Never before I had been to Schwetzingen. I’ve played soccer matches in about every village around Schwetzingen but somehow I never made the 20 km from my home town to that beautiful castle and park. Otto von Bismarck was an honorary citizen of Schwetzingen. And now the great Joyce DiDonato honored the town with a concert, just as 7-year-old Mozart did 250 years ago.
Joyce DiDonato sang a recital, “Songs of Venice”, as part of the SWR Festspiele (Tue, 14/8/12 at 13h05 on radio transmission SWR2 – they even offer a free radio recorder!!).
I was very surprised and joyful that she would come to that little theater – I mean Schwetzingen is not Berlin, Munic, Paris, or London… but Joyce made a very good point reminding us that public support for culture is something very special in our country! Mandatory radio and television license fees is a very difficult topic here, but for a moment I was really proud that SWR made this concert possible.
And I agree: without culture, the human being suffocates.
The theater in Schwetzingen is a beautiful cute one. Even a bit smaller than Giessen, but creating a much nicer atmosphere. When the hall darkened and Joyce came on stage with her pianist David Zobel, you could almost mistake it for a luxurious living room. And then you had a Stern sparkling in that living room.
I am speaking for myself, since I learned these days that it is a most personal thing what music makes you feel. Whether your soul inspires the music you make or the music you hear inspires your soul, it creates an absolutely unique sentiment, a kind of magic. Me, I definitely fall for the lyric and coloratura mezzo. In general. There’s a long list of evidence. But this mezzo is special!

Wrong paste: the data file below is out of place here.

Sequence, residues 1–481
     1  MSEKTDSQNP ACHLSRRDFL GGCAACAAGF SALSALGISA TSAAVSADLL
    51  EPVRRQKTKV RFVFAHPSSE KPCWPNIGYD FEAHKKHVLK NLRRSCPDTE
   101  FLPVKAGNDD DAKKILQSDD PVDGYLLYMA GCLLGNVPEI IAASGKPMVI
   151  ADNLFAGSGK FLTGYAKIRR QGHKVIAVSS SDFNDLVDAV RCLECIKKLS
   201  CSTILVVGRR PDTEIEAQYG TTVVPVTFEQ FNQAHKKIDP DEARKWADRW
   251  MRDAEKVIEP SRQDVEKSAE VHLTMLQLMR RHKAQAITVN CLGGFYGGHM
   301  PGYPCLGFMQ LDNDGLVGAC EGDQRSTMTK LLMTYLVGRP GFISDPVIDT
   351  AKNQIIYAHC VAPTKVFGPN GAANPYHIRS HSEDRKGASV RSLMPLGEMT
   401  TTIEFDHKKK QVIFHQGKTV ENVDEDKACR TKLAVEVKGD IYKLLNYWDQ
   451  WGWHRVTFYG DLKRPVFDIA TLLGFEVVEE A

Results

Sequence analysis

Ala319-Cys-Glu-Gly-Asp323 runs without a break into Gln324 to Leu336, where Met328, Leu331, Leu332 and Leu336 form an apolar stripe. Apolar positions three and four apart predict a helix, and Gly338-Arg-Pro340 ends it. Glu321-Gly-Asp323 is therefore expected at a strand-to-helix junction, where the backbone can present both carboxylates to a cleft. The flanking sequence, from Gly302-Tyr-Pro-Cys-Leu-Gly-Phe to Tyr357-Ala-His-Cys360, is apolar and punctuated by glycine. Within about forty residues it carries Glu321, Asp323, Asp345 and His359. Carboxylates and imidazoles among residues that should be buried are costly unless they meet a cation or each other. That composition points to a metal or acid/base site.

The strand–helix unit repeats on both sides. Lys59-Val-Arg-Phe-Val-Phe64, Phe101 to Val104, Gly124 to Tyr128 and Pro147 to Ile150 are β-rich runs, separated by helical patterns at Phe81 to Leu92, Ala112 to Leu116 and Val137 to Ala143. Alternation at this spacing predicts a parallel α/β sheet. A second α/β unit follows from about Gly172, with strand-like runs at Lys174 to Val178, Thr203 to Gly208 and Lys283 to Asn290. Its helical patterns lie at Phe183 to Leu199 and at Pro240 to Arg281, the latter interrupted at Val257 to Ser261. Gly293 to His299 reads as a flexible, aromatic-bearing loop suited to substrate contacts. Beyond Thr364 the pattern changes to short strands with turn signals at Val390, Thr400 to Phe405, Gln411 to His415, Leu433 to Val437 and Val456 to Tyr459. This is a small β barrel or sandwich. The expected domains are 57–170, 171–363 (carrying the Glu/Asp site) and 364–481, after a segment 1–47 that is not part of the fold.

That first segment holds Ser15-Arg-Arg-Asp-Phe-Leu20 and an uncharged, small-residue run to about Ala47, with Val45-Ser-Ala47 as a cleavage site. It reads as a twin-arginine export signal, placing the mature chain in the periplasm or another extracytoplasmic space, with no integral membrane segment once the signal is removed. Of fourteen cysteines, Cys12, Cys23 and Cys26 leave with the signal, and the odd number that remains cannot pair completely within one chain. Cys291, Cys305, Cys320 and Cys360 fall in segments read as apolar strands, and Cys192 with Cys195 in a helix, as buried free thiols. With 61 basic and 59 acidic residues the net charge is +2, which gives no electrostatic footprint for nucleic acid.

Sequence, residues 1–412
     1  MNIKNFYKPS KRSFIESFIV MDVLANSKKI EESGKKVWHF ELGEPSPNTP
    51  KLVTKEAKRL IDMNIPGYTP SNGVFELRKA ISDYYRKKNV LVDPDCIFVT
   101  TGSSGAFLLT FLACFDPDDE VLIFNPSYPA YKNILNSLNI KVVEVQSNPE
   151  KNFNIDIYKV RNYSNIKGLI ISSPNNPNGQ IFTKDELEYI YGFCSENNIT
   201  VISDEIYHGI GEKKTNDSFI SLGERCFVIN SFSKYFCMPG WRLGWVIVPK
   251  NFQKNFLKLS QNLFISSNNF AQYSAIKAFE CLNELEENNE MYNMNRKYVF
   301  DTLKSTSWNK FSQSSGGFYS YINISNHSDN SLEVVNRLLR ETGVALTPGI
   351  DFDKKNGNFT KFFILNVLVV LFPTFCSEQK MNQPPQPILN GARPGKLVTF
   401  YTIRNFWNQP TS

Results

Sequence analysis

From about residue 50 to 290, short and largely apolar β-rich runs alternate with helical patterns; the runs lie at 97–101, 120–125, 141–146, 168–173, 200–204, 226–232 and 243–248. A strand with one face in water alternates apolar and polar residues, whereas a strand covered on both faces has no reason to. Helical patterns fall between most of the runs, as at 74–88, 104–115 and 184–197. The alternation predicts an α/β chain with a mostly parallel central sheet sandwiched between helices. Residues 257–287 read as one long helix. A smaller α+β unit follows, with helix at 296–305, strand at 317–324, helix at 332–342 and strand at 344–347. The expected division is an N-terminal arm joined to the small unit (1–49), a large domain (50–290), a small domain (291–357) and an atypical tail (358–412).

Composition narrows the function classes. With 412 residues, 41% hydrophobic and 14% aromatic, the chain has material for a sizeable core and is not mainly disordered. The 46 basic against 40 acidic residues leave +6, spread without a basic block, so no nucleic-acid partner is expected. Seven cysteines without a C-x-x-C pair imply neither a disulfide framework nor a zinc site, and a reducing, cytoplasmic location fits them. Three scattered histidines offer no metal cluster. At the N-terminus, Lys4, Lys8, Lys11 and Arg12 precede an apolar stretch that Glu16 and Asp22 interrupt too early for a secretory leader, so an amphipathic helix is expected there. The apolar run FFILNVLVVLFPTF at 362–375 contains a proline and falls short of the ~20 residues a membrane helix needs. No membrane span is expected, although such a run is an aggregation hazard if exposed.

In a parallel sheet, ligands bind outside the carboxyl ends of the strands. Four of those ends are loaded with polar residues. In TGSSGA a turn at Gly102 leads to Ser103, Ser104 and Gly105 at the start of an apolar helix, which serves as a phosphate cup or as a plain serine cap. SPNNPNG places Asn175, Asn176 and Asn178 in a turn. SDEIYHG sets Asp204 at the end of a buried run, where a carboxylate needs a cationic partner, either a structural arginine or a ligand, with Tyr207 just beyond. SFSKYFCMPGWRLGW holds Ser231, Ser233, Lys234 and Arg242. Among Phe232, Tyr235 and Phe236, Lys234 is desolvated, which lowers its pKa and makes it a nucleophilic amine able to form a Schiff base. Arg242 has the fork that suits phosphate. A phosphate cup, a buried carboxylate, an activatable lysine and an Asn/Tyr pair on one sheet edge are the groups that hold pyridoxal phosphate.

The whole evening I had an image in mind. The playbill wrote about Joyce: a mezzo cast in milk chocolate (Eine Stimme wie in Milchschokolade gegossen). There is no way to imagine something as non-corporeal as a voice in milk chocolate. But hearing and feeling Joyce sing makes this image alive with the most delicous milk chocolate imaginable!
At some points I felt like she placed littles pearls of sentiments in the body, in the head, the shoulders, the stomach, and at a given point she let them explode – with a most gentle piano, a note in a thousand colors, or a mesmerizing coloratura. Only the intellect remains unregarded, it cannot help but enojy the magic.
After Joyce drew a beautiful picture of Venice, she left with Non piu mesta from La Cenerentola and Somewhere over the Rainbow. I lost my breath with the Rossini. As for the long high (and also not so high) notes, it felt like standing on a sandbank in a beautiful ocean scenery, feeling a giant wave approaching, being carried away by it (we’re sill on the same note!) and taken home on a anything-can-happen-ride. Awesome. Period.
Looking forward to the Drama Queens!